What is electronic warfare?  - Magoda - Production America

What is electronic warfare? – Magoda – Production America

Electronic warfare (EW) includes many defensive and offensive actions that make use of the electromagnetic spectrum. Numerous aspects of modern warfare rely on this collection of frequencies to function, including radar, radio, infrared vision, direct energy, and more.

The weapons and equipment that target these and other electronic assets are all relevant to this war area. Deploying electrical strikes on an enemy is only part of electrical warfare; the development and implementation of protective measures are equally vital, as are intelligence gathering and surveillance.

Although sometimes confused with cyber warfare or digital warfare, EW has been in use since the early 20th century, starting with the jamming of radio communications during the Russo-Japanese War.

It was used extensively by both the Axis and allied powers during World War II and continued to become a deciding factor as battlefield communications, radar technology, and electronic surveillance and intelligence gathering advanced from the mid to end of 1900.

It remains a key priority for the US military, its allies and other major global powers.

Electronic warfare systems and strategies

EW’s capabilities fall into one of three main categories. They are referred to as electronic attack (EA), electronic protection (EP) and electronic medium (ES). The EA subdivision focuses on the use of equipment such as infrared lasers, anti-radiation systems, electronic warplanes, and other assets that aim to interrupt, disable and destroy enemy capabilities.

EA has also been classified as electronic countermeasures (ECM). Conventional EA strategies are usually focused on enemy radar and sonar, but these capabilities have sophisticatedly increased with modern electronic warfare technology. On the contrary, EP focuses on fighting and protecting from such efforts.

EP’s goal is to neutralize the enemy-deployed EA, which often involves strategic resistance to radar disturbance and other types of electromagnetic frequency disruption. Some specific EP techniques include frequency hopping, radiation homing, and filtering of unwanted signals through polarization.

For EA’s offensive aspects and EP’s defensive aspects to remain effective, ES must be a top priority. This subdivision is devoted to strategic detection, interception and localization of electromagnetic activity, which allows for the recognition of electronic warfare targets on the side of the enemy, as well as the potential for incoming threats and local vulnerabilities.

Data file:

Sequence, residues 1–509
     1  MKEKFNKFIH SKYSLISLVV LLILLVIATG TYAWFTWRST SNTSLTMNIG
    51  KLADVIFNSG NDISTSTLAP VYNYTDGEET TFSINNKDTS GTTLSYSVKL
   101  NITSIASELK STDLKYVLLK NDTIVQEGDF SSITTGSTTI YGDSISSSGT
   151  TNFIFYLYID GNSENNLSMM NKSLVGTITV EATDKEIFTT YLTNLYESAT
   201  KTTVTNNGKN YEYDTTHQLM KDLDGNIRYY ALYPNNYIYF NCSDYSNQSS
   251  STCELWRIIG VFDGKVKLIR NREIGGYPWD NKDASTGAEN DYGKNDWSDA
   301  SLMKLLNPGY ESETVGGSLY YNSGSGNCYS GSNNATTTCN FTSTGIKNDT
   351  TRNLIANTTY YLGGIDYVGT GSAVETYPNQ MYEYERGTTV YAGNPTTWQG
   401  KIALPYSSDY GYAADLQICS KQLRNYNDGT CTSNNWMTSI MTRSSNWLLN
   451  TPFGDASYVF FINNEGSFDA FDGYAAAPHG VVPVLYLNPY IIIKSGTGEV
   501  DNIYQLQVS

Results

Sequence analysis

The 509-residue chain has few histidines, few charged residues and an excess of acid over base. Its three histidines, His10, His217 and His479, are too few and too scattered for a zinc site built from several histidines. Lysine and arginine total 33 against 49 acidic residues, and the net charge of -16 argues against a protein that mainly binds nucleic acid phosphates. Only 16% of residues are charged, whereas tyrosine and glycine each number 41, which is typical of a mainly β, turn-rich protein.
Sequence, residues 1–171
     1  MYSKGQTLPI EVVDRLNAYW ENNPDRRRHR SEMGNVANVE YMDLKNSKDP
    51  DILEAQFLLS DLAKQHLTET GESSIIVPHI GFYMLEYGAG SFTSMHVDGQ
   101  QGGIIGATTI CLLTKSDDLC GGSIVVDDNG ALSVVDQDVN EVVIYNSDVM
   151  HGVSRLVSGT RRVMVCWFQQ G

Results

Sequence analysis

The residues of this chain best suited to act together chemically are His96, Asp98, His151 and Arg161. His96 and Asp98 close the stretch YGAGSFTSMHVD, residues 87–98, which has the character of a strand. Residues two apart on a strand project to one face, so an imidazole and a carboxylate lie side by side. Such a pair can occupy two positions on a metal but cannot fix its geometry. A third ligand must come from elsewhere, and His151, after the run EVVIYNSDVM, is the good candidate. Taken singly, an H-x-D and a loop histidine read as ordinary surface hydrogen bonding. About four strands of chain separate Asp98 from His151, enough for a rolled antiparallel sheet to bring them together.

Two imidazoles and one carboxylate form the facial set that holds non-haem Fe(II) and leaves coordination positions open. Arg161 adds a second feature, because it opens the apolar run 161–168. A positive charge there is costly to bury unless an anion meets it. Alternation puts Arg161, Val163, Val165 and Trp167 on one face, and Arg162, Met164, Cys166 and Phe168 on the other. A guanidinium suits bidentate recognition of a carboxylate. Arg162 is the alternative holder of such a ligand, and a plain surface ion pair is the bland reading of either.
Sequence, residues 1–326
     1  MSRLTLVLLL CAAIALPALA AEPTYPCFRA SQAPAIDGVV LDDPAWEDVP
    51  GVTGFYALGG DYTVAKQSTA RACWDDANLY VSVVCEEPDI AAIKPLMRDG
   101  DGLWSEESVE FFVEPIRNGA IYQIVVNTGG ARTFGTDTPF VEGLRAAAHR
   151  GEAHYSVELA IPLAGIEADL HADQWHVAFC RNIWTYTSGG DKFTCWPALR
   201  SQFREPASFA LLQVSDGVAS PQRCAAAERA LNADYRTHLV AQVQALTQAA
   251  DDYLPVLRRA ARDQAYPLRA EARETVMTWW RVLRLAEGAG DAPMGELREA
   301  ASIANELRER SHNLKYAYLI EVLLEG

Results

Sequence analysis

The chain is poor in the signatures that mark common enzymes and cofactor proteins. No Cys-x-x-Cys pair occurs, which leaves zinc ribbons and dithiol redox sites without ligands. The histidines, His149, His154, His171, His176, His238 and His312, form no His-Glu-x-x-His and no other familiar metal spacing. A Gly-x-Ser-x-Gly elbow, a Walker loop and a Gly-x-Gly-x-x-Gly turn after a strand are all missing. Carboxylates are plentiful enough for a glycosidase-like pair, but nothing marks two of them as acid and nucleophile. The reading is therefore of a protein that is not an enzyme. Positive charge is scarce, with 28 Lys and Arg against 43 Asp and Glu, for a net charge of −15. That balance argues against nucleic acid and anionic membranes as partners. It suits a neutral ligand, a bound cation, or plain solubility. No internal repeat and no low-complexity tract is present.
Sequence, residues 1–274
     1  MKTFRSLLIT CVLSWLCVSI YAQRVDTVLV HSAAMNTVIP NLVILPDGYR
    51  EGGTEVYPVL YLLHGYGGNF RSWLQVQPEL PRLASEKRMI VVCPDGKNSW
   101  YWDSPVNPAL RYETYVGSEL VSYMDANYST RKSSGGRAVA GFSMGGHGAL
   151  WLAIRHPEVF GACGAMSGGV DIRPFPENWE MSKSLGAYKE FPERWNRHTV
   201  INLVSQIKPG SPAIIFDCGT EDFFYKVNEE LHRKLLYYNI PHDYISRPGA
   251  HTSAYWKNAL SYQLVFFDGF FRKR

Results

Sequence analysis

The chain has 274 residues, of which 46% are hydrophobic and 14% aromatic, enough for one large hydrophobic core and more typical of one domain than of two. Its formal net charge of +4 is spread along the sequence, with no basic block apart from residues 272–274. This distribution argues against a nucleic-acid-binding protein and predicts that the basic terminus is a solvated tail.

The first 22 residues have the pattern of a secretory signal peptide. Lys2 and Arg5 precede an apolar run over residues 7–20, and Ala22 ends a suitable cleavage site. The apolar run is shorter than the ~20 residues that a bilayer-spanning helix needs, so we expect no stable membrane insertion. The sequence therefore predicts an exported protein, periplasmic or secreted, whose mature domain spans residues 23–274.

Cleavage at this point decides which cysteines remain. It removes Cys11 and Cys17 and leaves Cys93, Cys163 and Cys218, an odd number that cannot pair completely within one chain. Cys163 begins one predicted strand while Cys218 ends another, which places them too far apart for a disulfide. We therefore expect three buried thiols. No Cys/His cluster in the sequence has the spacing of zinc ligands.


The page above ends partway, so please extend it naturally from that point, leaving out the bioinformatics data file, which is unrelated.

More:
ES will often use Signal Intelligence (SIGINT) resources to analyze and identify intercepted transmissions. Electronic warfare attack, protection and support efforts are implemented across a wide range of technologies, including those based on surface, ground, airborne and cybernetic equipment.

Electronic warfare proves decisive

Radar jamming, blip enhancement, and wrist chirp may sound like the jargon of a Cold War movie or spy novel, but they are all relevant to the electronic warfare arsenals of the digital age. With the raging war between Russia and Ukraine, EW’s capabilities are back on the front page and are proving decisive.

In February, SpaceX sent Starlink terminals to keep Ukraine online as Russian forces marched through city centers and captured critical infrastructure. Despite Russia’s attempts at hacking and disrupting terminals, the European Parliament’s rapidly deployed countermeasures restored Ukraine’s communication and connectivity capabilities within hours.

In early May, the Department of Defense announced it would ship electronic jamming equipment to Eastern Europe as part of a $ 150 million security package. The security assistance package is part of an ongoing effort to support critical communications and defense technology that can make or break military operations.

This happens after the deployment of six Growler EA-18Gs. These electronic attack aircraft can be equipped with electronic jamming pods that counter enemy air defense radar by blocking and interrupting essential radio pulses. These are not likely to be the only EW features that will be put to the test in the coming months. Their performance could drive upcoming defense technology developments around the world.

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